Images of the costumes he designed for "Renaissance", a 27-minute piece to be performed with the Paris Opéra Ballet (13th to 18th June), have recently been released.
Choreographed by Sébastien Bertaud on Mendelssohn's "Violin Concerto No. 2" and performed by 22 dancers, "Renaissance" is part of a program of four pieces.
Now, creating costumes for a ballet is something really special: you must get acquainted with the music and the choreography and make sure that the costumes reflect the concept of the work, respecting the movements of the body.
Bertaud, who is not new to working with fashion designers and a while back collaborated with Yiqing Yin, stated that in this case he tried to mirror through the movements the embroidery patterns of Rousteing's sketches. It sounds therefore that the movements will reflect the costumes in this piece rather than the other way round.
The rehearsal photographs show male and female dancers - the former in white jackets and beige-nude tights, the latter in bodysuits in the same shade. All the pieces are encrusted with thousands of crystals, rhinestones, pearls and silver and gold sequins.
In a nutshell, Rousteing seems to have applied to a corp de ballet the same standards he abides to when he dresses It girls, models, celebrities and superstars (early sketched for these costumes do not show much difference with custumised creations for superstars).
There are actually some issue that make you think the images currently online do not show the final costumes: the jackets of the male dancers seem too long; the leotards are also overembellished.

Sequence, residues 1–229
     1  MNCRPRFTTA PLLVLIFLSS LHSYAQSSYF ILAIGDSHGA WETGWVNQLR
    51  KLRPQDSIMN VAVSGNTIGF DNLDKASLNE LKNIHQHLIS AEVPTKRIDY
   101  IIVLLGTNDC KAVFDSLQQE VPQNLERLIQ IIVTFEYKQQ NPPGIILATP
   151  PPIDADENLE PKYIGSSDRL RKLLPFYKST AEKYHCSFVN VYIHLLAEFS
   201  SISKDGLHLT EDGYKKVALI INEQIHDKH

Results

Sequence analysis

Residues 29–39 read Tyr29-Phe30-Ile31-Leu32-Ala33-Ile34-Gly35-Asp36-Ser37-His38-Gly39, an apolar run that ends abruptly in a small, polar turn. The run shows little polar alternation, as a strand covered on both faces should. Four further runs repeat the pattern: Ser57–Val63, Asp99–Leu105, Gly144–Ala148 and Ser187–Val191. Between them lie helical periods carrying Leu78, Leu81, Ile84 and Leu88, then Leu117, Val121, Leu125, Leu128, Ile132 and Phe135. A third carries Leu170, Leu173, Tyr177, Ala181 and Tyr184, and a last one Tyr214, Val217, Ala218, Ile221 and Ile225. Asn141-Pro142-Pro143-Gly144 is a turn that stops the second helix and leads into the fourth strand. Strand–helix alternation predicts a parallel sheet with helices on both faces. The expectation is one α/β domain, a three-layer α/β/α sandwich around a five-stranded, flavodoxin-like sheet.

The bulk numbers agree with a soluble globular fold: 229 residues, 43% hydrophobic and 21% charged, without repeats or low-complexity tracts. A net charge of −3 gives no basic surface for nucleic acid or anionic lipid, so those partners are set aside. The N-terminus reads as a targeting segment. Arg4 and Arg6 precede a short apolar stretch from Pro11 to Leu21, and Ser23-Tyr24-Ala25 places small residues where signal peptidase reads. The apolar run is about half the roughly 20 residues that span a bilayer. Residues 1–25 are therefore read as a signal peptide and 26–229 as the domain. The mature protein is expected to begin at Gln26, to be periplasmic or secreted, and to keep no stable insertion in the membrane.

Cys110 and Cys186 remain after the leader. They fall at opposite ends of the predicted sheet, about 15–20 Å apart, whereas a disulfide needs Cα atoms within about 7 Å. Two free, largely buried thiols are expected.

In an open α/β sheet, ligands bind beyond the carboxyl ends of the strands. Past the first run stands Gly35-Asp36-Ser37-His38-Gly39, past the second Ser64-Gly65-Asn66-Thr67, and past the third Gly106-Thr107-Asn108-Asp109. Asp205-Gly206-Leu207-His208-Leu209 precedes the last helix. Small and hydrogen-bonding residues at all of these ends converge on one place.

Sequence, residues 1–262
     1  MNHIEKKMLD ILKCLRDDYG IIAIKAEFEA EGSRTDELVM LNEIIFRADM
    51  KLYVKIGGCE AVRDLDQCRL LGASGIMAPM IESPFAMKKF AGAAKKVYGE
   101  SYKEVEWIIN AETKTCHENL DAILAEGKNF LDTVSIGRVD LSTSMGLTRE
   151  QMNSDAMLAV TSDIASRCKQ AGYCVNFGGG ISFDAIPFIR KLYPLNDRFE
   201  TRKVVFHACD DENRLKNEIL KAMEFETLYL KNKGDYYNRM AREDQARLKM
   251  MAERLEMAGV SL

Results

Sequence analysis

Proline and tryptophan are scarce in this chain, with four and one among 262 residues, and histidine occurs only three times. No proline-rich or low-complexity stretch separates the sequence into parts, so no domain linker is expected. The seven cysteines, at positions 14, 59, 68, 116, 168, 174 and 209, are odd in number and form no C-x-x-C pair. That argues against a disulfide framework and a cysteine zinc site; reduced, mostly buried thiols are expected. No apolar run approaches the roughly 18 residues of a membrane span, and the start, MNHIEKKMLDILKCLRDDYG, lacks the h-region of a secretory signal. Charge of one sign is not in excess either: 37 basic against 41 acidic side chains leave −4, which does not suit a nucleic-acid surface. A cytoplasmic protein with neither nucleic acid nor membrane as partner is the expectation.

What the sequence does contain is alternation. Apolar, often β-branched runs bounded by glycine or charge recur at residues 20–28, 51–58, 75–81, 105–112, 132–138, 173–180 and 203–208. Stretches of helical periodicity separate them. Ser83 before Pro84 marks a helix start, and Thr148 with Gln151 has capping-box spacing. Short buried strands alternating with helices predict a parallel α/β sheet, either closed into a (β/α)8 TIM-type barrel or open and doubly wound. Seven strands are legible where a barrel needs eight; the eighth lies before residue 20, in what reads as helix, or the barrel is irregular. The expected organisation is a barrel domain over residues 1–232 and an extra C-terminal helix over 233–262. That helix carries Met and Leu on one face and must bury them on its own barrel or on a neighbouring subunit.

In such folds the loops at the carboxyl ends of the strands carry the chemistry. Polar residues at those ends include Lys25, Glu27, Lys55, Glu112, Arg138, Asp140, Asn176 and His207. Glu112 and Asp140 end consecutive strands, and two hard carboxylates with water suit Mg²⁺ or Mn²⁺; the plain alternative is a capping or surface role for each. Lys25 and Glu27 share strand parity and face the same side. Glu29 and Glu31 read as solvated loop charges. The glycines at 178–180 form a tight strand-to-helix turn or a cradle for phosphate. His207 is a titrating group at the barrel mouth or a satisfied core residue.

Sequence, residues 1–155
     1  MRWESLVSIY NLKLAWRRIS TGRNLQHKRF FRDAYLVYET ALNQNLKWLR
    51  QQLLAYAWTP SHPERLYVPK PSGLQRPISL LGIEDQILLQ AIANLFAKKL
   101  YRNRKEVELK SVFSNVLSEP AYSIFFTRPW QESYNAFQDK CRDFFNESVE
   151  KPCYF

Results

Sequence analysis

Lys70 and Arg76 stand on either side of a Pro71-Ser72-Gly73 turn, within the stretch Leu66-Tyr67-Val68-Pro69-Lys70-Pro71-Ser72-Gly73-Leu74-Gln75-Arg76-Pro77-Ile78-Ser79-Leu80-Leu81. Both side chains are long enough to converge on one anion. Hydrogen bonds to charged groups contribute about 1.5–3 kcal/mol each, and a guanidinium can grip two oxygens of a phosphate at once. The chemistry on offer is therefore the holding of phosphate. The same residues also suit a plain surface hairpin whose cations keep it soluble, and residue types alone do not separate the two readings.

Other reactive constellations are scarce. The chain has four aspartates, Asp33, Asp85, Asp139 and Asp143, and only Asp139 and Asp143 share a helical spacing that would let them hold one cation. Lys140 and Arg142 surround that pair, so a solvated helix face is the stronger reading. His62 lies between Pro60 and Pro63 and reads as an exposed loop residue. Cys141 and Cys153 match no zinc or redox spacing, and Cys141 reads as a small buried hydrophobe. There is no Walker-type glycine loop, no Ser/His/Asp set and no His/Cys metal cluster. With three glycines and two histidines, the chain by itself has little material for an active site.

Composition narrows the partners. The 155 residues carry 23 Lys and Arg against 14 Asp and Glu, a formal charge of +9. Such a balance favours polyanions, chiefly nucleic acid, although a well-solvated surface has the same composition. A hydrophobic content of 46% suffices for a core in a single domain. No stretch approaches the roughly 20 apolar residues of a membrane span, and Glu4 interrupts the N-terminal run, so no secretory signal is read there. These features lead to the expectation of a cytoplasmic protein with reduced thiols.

Ballet dancers' costumes are usually covered in appliqued elements, embroideries, crystals and gems in strategic parts so that when a male dancer lifts his partner he doesn't hurt his hands (in Balmain's costumes for the female dancers there are only small areas not covered with pearls and beads - like the armpits).
Extremely embellished designs also represent risk of further costume calamities and mishaps malfunctions such as getting stuck in the costume of another dancer while performing. Besides, men's jackets are usually shorter than what we see in the pictures showing Balmain's costumes (short videos on Rousteing's Instagram account also show that the overembellished jackets make a lot of noise when dancers move...), since they should show the dancer's legs moving freely. Therefore basic costume rules do not seem to have been respected in these designs.
In a way you feel that the costumes for "Renaissance" - echoing Balmain's Autumn 2012 collection that was inspired by Fabergé eggs, and reeking of Rousteing's own fascination with Louis XIV, France's Sun King - seem to exist as a publicity stunt rather than as functional costumes.
Rousteing reassured the audience reminding us he has dressed famous performers à la Kanye West and Rihanna, but one thing is to dress a star that has got to shine, another a corps de ballet that has got to actually dance. As seen in previous posts, designing costumes can indeed be a hit and miss exercise with the double potential of ending in triumph or shame.
The Paris Opéra dancers are professionals and will do the job even under the heavy and overembellished jackets, but you get the feeling that the emphasis in this performance will be on the fashion collaboration for advertising purposes rather than on the dancers and the corps de ballet (the pictures advertising this collaboration look like fashion photoshoots, with Rousteing and Bertaud in matching blazers...) and this may be a clear sign of a costume calamity ahoy.